When you think of air pollution, indoor air likely isn’t the first thing that comes to your mind. However, according to the World Health Organization, poor indoor air quality is a serious threat to human health causing severe diseases1, including:
· acute lower respiratory infections,
· chronic obstructive pulmonary disease,
· lung cancer,
· cardiovascular disease,
· physical injury from fuel collection,
· other adverse health outcomes: asthma, ear and upper respiratory infections, tuberculosis, nasopharyngeal and laryngeal cancers, cervical cancer, low birthweight and stillbirths, diabetes, and dementia.
Some people have symptoms that seem to be linked to time spent in a certain building. This is known as sick building syndrome. Those who are exposed to indoor air pollutants for the longest periods, including children, pregnant women, older adults, and people with chronic illnesses are more susceptible to its harmful effects than others.
And high household air pollution increases oxidative stress, which has been implicated in decreased fertility or, in some cases, even infertility.
Sources of household air pollution
There are at least 60 sources of household air pollution2, the chief among them are listed hereunder:
- Cooking-related household air pollution
Stir-frying, frying, roasting, grilling, baking, basting, and broiling lead to an increase in particulate matter. 4 million people die from illnesses caused by indoor air pollution due to inefficient cooking practices using polluting stoves3.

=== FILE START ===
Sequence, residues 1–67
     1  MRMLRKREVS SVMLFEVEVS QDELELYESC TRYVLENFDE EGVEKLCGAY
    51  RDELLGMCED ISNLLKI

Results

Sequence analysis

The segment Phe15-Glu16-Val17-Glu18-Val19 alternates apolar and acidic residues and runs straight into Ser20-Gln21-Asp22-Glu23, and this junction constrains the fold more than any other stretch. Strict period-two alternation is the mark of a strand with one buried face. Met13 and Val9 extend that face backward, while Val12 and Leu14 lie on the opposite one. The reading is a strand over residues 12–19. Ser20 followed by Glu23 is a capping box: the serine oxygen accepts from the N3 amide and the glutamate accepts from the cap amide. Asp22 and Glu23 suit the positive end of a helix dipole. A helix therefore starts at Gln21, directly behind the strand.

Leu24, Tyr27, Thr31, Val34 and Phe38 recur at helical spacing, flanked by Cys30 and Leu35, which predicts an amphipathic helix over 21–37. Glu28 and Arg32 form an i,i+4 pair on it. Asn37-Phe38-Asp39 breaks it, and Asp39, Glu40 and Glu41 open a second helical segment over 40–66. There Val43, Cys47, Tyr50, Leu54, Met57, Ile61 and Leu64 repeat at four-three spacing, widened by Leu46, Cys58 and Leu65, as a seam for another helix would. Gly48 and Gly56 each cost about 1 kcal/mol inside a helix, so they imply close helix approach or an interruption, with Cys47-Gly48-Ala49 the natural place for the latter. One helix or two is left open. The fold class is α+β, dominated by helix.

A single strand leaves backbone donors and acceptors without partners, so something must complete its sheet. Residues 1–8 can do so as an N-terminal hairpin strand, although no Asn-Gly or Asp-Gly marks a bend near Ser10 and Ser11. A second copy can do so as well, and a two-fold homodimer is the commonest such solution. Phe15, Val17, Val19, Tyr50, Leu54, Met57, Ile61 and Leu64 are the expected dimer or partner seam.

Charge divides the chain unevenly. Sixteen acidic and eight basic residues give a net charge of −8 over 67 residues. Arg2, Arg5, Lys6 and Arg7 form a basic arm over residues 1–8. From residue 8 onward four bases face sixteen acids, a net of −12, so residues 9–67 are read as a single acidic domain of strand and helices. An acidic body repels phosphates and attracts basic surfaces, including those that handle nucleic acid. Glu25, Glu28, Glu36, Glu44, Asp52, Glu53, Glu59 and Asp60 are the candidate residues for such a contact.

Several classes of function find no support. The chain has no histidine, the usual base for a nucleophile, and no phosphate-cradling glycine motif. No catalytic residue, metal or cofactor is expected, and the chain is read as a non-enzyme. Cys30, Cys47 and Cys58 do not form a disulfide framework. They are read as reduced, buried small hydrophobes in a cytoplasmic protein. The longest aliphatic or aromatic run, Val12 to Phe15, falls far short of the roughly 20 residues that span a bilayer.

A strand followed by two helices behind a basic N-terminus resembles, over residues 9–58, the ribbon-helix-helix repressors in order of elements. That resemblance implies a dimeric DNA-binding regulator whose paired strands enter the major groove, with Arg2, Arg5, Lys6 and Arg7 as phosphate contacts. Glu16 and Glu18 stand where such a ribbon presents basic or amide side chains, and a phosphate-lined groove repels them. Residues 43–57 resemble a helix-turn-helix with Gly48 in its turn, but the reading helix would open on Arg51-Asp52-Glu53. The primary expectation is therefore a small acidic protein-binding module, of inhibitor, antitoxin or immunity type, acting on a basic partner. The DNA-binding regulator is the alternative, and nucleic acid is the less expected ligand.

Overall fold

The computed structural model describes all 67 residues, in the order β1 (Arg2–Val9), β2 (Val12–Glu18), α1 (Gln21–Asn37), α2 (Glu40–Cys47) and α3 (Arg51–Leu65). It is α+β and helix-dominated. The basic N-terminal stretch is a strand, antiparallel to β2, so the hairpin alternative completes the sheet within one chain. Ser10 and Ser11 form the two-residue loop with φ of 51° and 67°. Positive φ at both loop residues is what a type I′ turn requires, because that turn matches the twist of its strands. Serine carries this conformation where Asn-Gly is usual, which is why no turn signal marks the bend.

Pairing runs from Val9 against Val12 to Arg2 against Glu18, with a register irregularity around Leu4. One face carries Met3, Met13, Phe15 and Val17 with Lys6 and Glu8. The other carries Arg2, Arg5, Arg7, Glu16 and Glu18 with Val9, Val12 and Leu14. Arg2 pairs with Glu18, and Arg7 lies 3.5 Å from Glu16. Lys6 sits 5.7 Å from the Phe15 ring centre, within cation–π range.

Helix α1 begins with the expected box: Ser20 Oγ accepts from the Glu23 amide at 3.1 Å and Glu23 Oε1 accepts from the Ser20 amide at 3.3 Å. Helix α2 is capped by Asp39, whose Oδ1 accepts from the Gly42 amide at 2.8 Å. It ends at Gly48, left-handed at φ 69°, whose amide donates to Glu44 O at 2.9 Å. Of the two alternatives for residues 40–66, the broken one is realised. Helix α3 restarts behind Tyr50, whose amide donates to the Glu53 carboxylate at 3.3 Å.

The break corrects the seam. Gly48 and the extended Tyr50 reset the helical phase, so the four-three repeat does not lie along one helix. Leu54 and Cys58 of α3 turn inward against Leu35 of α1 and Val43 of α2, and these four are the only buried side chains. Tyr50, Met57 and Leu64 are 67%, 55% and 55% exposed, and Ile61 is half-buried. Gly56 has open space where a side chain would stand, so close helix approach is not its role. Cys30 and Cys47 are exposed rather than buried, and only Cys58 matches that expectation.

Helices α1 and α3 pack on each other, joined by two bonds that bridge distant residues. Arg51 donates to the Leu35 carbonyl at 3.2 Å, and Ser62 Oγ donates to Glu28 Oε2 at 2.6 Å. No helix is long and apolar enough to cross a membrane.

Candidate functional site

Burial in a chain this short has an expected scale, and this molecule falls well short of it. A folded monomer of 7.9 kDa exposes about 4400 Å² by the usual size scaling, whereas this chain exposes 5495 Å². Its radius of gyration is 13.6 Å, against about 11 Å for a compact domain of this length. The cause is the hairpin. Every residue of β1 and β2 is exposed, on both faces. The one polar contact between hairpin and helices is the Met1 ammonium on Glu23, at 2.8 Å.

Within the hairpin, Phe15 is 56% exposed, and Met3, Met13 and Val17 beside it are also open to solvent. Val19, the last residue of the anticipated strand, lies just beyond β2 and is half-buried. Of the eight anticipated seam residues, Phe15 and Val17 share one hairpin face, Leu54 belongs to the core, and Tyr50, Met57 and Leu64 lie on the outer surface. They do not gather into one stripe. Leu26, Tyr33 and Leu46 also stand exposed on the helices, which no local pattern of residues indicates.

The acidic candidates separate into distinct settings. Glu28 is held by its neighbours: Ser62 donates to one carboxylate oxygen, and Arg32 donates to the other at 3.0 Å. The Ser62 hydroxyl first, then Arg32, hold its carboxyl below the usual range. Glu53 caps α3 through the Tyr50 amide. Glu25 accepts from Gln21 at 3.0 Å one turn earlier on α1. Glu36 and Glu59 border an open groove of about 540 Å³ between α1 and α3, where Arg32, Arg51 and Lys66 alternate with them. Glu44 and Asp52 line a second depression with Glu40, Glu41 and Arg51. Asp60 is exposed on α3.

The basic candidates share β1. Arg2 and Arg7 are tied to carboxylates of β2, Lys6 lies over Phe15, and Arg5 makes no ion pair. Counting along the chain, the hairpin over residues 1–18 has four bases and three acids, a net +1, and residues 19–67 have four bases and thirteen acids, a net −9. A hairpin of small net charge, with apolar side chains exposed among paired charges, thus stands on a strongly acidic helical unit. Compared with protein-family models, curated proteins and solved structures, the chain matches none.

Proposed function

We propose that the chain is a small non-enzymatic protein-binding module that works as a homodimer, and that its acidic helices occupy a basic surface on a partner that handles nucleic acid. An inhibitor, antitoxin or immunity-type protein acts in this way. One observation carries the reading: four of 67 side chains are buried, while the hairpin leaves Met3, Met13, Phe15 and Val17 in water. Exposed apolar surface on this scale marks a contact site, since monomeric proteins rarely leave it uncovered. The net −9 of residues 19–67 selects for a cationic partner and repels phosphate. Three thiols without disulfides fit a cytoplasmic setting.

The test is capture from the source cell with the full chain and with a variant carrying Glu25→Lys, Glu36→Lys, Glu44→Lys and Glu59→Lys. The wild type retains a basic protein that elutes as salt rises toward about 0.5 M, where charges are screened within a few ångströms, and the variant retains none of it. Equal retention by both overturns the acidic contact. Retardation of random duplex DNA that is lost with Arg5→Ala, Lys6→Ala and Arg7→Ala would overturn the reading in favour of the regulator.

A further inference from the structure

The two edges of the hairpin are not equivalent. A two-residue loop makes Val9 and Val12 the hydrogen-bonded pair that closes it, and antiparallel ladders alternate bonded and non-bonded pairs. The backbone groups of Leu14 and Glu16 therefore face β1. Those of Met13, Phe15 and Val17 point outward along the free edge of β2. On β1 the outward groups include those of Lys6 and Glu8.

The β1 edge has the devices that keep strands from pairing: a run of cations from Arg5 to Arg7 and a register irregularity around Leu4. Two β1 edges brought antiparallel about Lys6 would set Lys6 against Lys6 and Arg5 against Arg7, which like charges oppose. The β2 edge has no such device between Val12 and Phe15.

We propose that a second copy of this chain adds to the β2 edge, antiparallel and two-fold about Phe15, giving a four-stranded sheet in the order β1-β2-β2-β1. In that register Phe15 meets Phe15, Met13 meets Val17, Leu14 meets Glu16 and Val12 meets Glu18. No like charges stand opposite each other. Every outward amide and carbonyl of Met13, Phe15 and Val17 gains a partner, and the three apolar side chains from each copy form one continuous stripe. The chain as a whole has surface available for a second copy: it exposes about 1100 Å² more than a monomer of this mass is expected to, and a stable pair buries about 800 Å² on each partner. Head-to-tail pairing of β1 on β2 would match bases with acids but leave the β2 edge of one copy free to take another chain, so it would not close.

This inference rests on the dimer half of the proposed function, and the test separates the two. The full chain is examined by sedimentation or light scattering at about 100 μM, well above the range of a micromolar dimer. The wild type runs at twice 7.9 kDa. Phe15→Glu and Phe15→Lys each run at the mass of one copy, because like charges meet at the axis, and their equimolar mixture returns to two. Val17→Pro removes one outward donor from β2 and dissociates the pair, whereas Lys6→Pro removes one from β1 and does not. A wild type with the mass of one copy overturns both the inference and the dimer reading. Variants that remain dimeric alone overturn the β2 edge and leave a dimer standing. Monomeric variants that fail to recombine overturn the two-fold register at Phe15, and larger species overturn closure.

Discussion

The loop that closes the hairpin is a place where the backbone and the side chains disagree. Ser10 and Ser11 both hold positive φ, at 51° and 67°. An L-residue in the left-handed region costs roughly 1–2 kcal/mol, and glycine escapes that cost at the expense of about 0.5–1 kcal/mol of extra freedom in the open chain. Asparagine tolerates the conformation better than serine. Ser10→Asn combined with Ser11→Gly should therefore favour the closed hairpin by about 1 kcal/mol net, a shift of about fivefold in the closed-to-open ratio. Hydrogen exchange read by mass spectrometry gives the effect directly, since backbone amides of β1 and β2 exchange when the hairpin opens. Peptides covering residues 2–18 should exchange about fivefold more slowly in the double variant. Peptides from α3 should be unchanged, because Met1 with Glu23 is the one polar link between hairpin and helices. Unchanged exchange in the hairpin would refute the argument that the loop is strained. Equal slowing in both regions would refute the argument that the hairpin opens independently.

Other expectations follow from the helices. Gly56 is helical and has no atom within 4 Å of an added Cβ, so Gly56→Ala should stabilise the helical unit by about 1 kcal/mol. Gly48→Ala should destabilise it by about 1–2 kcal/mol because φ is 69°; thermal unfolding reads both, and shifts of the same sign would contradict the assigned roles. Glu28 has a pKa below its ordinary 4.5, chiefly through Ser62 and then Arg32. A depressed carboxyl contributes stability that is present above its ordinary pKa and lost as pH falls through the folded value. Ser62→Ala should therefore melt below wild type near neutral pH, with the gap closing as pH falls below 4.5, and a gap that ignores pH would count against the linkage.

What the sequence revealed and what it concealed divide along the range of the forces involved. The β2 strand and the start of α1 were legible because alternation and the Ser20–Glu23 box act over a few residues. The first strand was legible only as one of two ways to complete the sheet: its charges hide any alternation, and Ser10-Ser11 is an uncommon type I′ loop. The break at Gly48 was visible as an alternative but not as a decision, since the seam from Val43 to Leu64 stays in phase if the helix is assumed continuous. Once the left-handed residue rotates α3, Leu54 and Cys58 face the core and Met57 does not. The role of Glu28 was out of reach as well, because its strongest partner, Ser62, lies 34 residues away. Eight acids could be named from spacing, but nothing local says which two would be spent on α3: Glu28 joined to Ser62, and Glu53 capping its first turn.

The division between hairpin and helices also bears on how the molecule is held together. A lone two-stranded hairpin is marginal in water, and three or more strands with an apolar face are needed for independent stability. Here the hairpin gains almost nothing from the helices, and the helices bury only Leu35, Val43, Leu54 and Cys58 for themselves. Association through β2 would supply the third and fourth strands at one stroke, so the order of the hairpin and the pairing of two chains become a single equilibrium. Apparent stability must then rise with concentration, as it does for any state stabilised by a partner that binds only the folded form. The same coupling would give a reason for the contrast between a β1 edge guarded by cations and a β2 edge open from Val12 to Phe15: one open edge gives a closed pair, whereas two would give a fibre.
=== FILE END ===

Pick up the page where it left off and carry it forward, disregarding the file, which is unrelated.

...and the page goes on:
Cigarette smoke contains 7,357 different chemical compounds, and of them, about 70 compounds have been confirmed with carcinogenic activity (the formation of cancer). Smoke could be first-hand, second-hand, or third-hand.
- First-hand smoke: a person who smokes.
- Second-hand smoke: other occupants of the house inhaling these fumes.
- Third-hand smoke: residual nicotine and other chemicals left on indoor surfaces.
- Temperature control-related household air pollution
It’s related to heating and cooling of the household environment. Poor ventilation and inadequately cleaned air conditioning units are breeding grounds for various bacteria.
- Insecticides and pest control
Spraying of chemical repellents leads to the accumulation of these toxicants in the house.
- Perfumes, deodorants, and cleaning agents
Commonly used consumer products, which include air fresheners, laundry products, personal care products, and cleaning agents release volatile organic compounds, many of which are toxic.
- Building material
Paints, varnishes, and insulation materials emit significant amounts of volatile organic compounds.
How to fight indoor air pollution
Using air cleaning service can improve the air quality in your home. Air cleaning systems for homes can be highly effective in removing contaminants. Two-stage filtration devices work effectively against chemicals that can be hazardous to your health.
Electronic air cleaner uses electrically charged filters to reduce the number of airborne contaminants. It traps large particles in a prefilter, and then electrically charged filters trap smaller particles to prevent them from recirculating through your home. Checking whole house electronic air cleaner reviews will help you to choose the best unit in Canada.
Air that we breathe can have a major impact on our health. Keeping your indoor air clean will ensure the health of your loved ones.